Sunday, October 3, 2010

Pride and Prejudice (1940)

I tried to play something of a trick on my wife. She loves historical, romantic costume dramas like North and South and whatnot, and her absolute favorite is the 1995 BBC version of Jane Austen's Pride and Prejudice. Yes, she has the 40 DVD set with the 4,007 hours of commentary and outtakes, and she's read the book eleventy-eleven times, backwards even . So, I reasoned, I should order the 1940 version from Netflix.

Well, she saw it coming and pushed it down the queue. Eventually it came in and I made her watch it using brutal force.

What the '95 version crammed 500 pages of witty dialog and formal societal behavior into 300 minutes, the 1940 edition crammed it into 118. With that kind of compression, you are bound to have lost scenes, changed plots, and missing characters (Where are you, Tom Bombadil?) My wife braced herself. My take is: not bad.

Now, all I can compare this to is the '95 version as I'd rather take a bullet than read Austen, but I have to say, and my wife agrees, they did not cut the story. It's all there. The major characters, the most important dialog, plot points, everything. Of course when you do compress a story like that, there are some silly side effects. Events that happen months apart take place the same day.

Story synopsis time! Mister and Missus Bennet have five silly daughters. As the Bennet's have no male heirs, their humble home will go to the next male in the family, Mister Bennet's cousin, the revolting Mister Collins. Oldest and prettiest daughter Jane catches the eye of fabulously wealthy Mister Bingley. Bingley's friend, the fabulously MORE wealthy Mister Darcy, is grumpy and dismissive. Protagonist second daughter Elizabeth is not amused by him, and they proceed to jab at each other in a very Sam and Diane season one sort of way. Bingley ditches Jane, who is heartbroken, and it turns out Darcy is to blame. Lizzy considers the horizontal mambo with Darcy's arch nemesis Wickham, who runs off with youngest and silliest daughter Lydia, and, well Darcy shows his honor, Elizabeth shows her appreciation, and Jane and Bingley get it on again, and everybody is happy, even Mister Collins who beds down Lizzie's best friend.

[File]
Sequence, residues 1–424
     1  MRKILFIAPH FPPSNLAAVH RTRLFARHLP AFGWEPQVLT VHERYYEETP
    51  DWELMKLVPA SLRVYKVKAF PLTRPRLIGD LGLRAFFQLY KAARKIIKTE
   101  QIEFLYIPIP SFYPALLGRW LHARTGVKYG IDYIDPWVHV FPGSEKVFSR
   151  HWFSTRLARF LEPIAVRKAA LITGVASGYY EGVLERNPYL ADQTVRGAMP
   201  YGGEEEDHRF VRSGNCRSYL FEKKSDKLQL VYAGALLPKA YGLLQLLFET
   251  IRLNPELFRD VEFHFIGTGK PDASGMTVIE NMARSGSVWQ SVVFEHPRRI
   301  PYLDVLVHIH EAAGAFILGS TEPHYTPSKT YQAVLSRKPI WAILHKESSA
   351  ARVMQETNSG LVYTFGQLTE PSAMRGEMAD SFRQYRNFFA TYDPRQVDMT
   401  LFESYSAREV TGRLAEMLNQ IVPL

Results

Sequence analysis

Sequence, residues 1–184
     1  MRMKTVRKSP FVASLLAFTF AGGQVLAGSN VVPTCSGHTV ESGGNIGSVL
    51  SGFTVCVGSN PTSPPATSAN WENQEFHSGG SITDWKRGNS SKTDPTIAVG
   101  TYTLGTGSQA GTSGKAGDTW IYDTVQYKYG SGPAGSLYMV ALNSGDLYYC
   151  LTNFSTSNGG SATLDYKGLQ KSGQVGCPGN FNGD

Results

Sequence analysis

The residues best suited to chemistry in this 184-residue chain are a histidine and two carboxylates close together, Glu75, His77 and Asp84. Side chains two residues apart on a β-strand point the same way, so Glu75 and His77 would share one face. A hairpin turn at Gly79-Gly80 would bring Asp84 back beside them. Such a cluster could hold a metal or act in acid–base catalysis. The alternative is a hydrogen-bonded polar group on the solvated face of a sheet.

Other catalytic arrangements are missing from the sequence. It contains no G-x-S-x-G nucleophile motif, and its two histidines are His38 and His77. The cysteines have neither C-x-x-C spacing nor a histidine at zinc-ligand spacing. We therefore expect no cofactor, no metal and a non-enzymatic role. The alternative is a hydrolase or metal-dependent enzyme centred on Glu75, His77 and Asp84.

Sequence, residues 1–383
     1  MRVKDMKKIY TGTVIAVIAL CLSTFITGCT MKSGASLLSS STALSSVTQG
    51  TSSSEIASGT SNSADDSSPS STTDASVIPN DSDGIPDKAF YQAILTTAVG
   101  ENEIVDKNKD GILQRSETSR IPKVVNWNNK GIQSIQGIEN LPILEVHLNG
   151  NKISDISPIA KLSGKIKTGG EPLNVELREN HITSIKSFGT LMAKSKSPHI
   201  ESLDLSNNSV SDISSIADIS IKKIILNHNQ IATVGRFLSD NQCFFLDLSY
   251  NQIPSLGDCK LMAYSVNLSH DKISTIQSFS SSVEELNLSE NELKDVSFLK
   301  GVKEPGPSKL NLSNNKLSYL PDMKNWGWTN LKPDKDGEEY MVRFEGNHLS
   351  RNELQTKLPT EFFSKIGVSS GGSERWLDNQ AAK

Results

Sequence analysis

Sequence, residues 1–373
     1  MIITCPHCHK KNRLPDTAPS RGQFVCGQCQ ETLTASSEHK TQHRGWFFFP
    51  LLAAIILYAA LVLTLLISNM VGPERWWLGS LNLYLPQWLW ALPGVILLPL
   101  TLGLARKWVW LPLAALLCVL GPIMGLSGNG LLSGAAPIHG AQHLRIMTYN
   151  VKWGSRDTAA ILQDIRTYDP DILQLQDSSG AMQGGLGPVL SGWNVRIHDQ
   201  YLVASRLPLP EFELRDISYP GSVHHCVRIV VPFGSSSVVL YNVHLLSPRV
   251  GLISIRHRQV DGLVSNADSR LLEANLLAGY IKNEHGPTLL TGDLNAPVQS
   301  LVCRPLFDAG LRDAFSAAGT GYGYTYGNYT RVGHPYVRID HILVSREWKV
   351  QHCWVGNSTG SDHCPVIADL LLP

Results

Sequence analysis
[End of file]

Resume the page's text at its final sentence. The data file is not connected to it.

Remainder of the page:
Ummm, Spoiler alert!

What was my wife's take? Add hoops to the skirts and it's Gone With the Wind. Very close to the truth, it turns out. The dresses were borrowed from Gone With the Wind and everything was styled as late Victorian rather than late Elizabethan. But it don't stop there! Vivien Leigh and Clark Gable were actually considered for the lead roles!

She thought it was ... ok, I guess. High praise indeed, as Sir Laurence can no way compare to the absolutely hunky Colin Firth. Here's a few other things I noticed. 20 year old Lizzy Bennet was played by 35 year old Greer Garson. Big sis Jane was played by 29 year old Maureen O'Sullivan.

This was a fairly big movie in it's day, but it could have been bigger. Had it been filmed in Technic(ly)color, it would have been easier to watch. I'm glad I watched it, and my wife felt the same. AMRU 3.

By the way, the 2005 version, despite Keira Knightley's hotness, totally blew.

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